Dear TEE community,

Over the summer, I attended an online conference sponsored by Bend the Arc Jewish Action. The session that made the most impression on me was about the Jewish community and reparations to African Americans. It was led by a young man who discussed the difference between the two sides of his family. On his mother’s side, he descended from Holocaust survivors while on his father’s side, his ancestors were enslaved African Americans. The reparation payments his mother’s family received allowed them to escape poverty and start a small family business. Like many Jewish immigrants they were able to become middle class and their children became professionals. In contrast, his Black family members remained impoverished, disadvantaged by restrictions on housing, education, and employment as well as economic impairments.

Listening to the speaker, I realized that the American Jewish community has an important story to tell about the significance of reparations, both as a practical response to the need for restoration and as a public acknowledgement of the profound harm done.  Jewish tradition supports the concept of reparations in several ways.

In last week’s Torah portion we read a passage in which God tells Abraham that his descendants “will be enslaved and oppressed four hundred years” but that “in the end they shall go free with great wealth.” (Genesis 15:13-14) Later, Exodus recounts that before the enslaved Israelites left Egypt, God made the Egyptians favorably disposed to them so that the Israelites could take away all the Egyptians’ valuables. Later rabbinic commentators asked about the purpose of this and suggested that the Egyptian wealth was in payment for the Israelites’ slave labor. In other words, they were reparations payments.

An extraordinary passage in the Talmud discusses reparations in a different way:

With regard to this, the Sages taught…If one robbed another of a beam and built it into a building, Beit Shammai say: They must destroy the entire building and return the beam to its owners. Beit Hillel say: The injured party receives only the value of the beam but not the beam itself, due to an ordinance instituted for the sake of the penitent. (In order to encourage repentance, the Sages were lenient and required the robber to return only the value of the beam.) The mishna was taught in accordance with the opinion of Beit Hillel. (Babylonian Talmud, Gittin 55a}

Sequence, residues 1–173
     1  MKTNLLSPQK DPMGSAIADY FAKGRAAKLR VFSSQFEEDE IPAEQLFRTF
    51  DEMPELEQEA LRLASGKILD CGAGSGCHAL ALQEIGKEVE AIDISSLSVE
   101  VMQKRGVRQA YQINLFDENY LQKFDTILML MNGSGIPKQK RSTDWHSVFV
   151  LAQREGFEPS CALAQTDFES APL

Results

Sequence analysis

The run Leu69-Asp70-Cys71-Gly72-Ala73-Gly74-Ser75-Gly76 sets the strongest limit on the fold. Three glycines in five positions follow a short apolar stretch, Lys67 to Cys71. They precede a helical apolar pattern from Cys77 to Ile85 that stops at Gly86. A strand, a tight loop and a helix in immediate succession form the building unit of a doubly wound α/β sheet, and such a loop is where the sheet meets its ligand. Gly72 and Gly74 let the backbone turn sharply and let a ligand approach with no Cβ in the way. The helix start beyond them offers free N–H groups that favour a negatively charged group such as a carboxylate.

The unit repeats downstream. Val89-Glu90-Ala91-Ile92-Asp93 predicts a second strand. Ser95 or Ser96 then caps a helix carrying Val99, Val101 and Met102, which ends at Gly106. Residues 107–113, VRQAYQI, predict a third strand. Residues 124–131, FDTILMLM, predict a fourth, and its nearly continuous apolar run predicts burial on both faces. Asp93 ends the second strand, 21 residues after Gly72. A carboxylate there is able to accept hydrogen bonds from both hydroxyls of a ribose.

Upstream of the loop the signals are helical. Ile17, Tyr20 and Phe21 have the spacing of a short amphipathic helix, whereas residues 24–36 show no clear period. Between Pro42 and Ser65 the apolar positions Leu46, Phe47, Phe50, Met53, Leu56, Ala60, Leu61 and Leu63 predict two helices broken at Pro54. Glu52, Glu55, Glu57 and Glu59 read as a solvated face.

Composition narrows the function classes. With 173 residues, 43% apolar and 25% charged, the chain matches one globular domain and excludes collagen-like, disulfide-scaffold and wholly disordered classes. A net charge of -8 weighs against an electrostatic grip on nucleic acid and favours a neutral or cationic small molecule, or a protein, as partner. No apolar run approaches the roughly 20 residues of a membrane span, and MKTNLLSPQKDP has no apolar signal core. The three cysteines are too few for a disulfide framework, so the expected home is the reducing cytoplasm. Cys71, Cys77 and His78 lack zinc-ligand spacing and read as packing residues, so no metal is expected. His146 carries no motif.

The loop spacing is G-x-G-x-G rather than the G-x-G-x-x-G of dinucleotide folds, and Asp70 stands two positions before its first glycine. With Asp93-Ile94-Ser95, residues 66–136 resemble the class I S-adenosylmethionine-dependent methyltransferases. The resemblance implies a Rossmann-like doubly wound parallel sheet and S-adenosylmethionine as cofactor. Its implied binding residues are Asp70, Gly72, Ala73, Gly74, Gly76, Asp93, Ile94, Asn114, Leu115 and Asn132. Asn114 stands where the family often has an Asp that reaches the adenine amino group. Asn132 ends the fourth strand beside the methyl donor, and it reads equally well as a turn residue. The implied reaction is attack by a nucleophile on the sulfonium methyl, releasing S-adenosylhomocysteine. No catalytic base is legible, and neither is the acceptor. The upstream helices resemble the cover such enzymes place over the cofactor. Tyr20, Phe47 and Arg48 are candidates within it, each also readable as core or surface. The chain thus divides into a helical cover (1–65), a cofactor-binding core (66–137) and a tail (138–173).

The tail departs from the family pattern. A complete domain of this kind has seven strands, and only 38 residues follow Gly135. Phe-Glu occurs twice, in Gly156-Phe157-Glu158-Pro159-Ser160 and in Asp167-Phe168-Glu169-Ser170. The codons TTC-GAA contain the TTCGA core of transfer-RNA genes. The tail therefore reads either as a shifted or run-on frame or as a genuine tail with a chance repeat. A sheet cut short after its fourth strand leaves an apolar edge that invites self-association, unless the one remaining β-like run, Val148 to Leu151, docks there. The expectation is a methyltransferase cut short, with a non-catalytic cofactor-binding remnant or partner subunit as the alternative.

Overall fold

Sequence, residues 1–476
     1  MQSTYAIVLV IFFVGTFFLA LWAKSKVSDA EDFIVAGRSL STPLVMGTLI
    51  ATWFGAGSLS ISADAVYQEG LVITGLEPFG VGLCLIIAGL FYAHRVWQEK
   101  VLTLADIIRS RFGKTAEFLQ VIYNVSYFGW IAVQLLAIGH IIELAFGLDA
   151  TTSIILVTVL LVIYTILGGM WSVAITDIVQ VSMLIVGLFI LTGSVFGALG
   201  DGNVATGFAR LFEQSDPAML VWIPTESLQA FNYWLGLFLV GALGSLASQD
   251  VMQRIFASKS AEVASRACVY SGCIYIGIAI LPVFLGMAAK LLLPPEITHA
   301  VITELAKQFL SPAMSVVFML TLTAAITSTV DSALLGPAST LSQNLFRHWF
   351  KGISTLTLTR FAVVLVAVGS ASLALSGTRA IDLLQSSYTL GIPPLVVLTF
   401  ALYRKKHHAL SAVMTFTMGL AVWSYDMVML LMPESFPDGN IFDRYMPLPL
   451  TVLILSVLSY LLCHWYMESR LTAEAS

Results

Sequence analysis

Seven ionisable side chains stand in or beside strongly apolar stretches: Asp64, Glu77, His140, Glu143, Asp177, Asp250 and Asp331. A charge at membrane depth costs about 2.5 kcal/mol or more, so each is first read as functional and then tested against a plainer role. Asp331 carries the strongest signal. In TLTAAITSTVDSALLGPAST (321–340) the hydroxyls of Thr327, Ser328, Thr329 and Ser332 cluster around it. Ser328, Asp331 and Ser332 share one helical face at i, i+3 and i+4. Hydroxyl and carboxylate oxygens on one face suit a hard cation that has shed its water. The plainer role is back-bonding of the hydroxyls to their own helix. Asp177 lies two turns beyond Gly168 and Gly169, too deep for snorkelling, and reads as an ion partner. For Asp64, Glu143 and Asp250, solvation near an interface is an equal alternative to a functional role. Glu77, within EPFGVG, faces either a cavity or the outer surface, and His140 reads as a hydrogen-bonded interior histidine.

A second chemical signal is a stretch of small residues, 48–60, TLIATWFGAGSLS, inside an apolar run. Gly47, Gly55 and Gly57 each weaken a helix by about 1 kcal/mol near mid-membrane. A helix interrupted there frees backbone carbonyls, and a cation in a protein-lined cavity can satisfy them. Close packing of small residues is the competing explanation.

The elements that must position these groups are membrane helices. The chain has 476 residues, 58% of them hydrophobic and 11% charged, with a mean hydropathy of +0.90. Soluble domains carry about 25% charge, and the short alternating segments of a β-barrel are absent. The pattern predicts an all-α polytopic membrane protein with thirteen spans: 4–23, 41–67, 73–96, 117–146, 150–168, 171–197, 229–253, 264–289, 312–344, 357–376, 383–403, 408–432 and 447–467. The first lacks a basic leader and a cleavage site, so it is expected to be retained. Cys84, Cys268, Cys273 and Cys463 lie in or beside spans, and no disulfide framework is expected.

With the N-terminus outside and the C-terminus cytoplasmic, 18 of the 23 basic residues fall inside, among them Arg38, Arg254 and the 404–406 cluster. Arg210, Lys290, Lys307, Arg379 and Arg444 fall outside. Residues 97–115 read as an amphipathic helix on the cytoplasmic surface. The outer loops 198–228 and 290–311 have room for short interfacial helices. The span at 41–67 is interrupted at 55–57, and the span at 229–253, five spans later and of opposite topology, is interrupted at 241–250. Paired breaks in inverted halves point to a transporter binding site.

The final decision of the rabbis recognizes that we can’t tear down the house — we can’t undo history and take apart the institutions created through slavery. But that doesn’t excuse us from the obligation to compensate the person from whom something was stolen, whether Jewish ancestors in Egypt or African American ones today.

On November 15th our community will have a chance to explore our perspectives on reparations with Rochester City Councilmember Mitch Gruber. A couple months ago, Mitch published an article asking Rochester Jews to consider our specific history in relationship to this issue ( Our Temple Elul class read this article and decided they would like to learn more about local reparations efforts. We hope this program will be the beginning of a longer process of engagement by members of the class, our Tikkun Olam Team and anyone else in the community who is interested. Please join us for this important conversation.

Be well / Zei gezunt / Sano,

Rabbi Drorah Setel

Some additional resources;

I recommend reading this article which has been extremely influential in national discussions of reparations: Ta-Nehisi Coates, “The Case for Reparations,”–SA4AHlCjGMgmntvAxoCaCsQAvD_BwE

An excellent summary of relevant Jewish sources related to reparations: Rabbi Aryeh Bernstein, “The Torah Case for Reparations,”